After the Wisconsin Innocence Project took on his case, Avery was finally exonerated in 2003. DNA tests showed he was not guilty and that the real attacker was now serving time for another rape. Avery then hired lawyers and sued Manitowoc County and the state of Wisconsin for wrongful imprisonment and for denying his 1995 appeal (a time during which DNA evidence might have set him free), which the state had mishandled, causing him to serve eight more years.
Days after Avery’s release, Manitowoc law enforcement was feeling vulnerable about the 1995 appeal and writing memos, redocumenting the case from eight years earlier. The civil suit was making headway, and only the settlement amount remained to be determined; it was going to be large and would come out of Manitowoc County’s own budget, since the insurance company had denied the county coverage on the claim.
Then, in November 2005, just as crucial depositions were both scheduled and proceeding and Avery stood to receive his money, he was suddenly and sensationally arrested for the murder of a freelance photographer named Teresa Halbach, who had come to Avery’s Auto Salvage on Halloween to photograph a truck for an auto magazine, and whose SUV had been found on the Avery property, as eventually were her scattered and charred remains. Avery had two quasi alibis—his fiancée, to whom he’d spoken at length on the phone the afternoon of Halbach’s disappearance, and his sixteen-year-old nephew, Brendan Dassey, who had just come home from school.
No one but Steven Avery ever came under suspicion, and county investigators circled in strategically. After getting nowhere with the fiancée, they focused on the nephew, who was gentle, learning-disabled, and in the tenth grade; they illegally interrogated him and suggested he was an accomplice. They took a defense witness and turned him into one for the prosecution.
Brendan was then charged with the same crimes as Avery: kidnapping, homicide, mutilation of a corpse. Prodded and bewildered, Brendan had made up a gruesome story about stabbing Halbach and slitting her throat in Avery’s trailer (the victim’s blood and DNA were never found on the premises), a fictional scenario that came, he later said, from the James Patterson novel Kiss the Girls. When asked why he’d said the things he said, he told his mother it was how he always got through school, by guessing what adults wanted him to say, then saying it. In an especially heartbreaking moment during the videotaped interrogation included in the documentary, and after he has given his questioners the brutal murder tale they themselves have prompted and helped tell, Brendan asks them how much longer this is going to take, since he has “a project due sixth hour.”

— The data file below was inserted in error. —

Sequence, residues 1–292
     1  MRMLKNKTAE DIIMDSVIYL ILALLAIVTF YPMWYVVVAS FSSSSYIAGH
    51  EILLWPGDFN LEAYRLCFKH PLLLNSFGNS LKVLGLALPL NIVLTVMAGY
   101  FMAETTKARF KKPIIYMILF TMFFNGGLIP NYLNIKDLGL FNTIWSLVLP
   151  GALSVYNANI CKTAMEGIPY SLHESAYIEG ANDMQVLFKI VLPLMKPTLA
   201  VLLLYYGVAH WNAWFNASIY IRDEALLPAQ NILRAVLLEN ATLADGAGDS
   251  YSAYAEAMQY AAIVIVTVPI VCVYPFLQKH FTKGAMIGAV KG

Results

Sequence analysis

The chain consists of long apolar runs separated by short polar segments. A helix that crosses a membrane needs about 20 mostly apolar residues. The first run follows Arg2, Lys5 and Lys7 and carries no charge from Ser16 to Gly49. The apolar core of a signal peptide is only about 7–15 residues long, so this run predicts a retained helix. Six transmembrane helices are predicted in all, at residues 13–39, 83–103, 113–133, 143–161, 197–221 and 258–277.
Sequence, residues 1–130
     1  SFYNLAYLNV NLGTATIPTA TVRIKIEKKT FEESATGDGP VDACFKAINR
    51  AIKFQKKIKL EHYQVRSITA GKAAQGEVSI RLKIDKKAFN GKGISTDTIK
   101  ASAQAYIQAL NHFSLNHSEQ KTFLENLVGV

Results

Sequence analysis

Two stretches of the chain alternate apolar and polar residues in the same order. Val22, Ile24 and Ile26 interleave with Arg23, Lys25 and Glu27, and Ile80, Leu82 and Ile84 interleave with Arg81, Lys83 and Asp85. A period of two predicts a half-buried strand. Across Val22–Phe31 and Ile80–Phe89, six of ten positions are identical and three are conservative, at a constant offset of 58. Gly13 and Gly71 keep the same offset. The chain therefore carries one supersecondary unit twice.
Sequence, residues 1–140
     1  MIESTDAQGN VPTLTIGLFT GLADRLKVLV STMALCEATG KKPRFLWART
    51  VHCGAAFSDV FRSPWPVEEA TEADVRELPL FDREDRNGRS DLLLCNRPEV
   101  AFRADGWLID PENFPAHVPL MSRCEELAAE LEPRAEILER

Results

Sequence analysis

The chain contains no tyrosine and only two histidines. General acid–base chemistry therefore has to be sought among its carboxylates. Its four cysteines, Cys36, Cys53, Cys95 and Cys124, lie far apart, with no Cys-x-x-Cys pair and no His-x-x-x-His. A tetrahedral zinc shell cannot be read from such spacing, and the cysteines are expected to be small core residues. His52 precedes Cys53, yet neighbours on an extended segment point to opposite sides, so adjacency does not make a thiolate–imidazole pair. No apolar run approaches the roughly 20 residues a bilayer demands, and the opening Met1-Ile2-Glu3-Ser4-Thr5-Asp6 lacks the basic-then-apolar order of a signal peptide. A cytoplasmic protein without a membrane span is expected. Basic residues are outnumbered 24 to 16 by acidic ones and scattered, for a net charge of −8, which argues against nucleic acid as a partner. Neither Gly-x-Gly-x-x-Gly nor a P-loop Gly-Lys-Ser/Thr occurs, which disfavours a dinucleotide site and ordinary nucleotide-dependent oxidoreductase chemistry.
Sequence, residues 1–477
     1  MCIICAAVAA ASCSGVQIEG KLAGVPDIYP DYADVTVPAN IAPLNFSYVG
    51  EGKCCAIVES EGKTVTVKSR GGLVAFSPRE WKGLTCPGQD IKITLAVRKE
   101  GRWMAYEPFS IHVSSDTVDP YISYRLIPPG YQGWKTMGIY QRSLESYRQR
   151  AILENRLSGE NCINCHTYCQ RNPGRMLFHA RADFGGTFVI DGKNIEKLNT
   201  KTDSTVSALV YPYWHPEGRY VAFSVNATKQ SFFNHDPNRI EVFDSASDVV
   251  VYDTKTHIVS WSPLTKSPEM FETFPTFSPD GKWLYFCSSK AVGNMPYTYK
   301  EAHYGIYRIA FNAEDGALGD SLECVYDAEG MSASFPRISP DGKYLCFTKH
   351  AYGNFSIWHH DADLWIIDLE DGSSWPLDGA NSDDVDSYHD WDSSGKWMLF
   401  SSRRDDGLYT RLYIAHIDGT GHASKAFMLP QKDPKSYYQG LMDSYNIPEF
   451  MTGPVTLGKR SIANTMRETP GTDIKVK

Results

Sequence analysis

It is a crazy story. And the film’s double-edged title pays tribute to its ambiguity. Either Steven Avery was framed in a vendetta by Manitowoc County or the years of angry prison time turned him into the killer he had not been before. But the title aside, the documentary is pretty unambiguous in its siding with Avery and his appealing defense team, Jerry Buting and Dean Strang, who are hired with his settlement money as well as money his parents, Dolores and Allan, put up from the family business.
One cannot watch this film without thinking of the adage that law is to justice what medicine is to immortality. The path of each is a little crooked and always winds up wide of the mark. Moreover, nothing is as vain and self-regarding as the law. In Wisconsin prisoners will not get their parole unless they sign formal admissions of guilt and regret. (This kept Steven Avery from his own release when he was younger; he clung to his innocence.) These exacting corrections procedures are almost religious and certainly Orwellian in their desire to purge the last contrarian part from the human spirit. Any contempt for the law—even by a lawyer in court—will not go unpunished. And if one has the further temerity to use the law against itself—filing a lawsuit against law enforcement, for instance—one should be fearful. Especially in Manitowoc. Or so say many of the locals in front of Demos’s camera.
As portrayed in Making a Murderer, however, the law is not so vain that it doesn’t point out the low IQs of the defendants (an IQ test, it could be asserted, largely measures the desire for a high IQ) while omitting the fact that in Wisconsin most lawyers are practicing law without ever having taken a bar exam. (If someone has attended law school in the state, the bar exam is not required to practice there—a peculiarity of Wisconsin.)
If the film does not do a good job in positing an alternative theory of the murder—surely it does not believe the sheriff’s department killed Teresa Halbach, or does it?—this is because the filmmakers are busy following the charismatic Buting and Strang in their courtroom defense and pre-trial investigation. These are men of the finest skepticism. In their skilled and righteous run at the state they also seem the only ones in the film in possession of cool, deep, permanent mental health, and thus these ordinary-looking men suddenly resemble movie stars. A Twitter love-fest has sprung up around them, beginning soon after the documentary first aired, and their faces have been posted online accompanied by girlish hearts and declarations of love.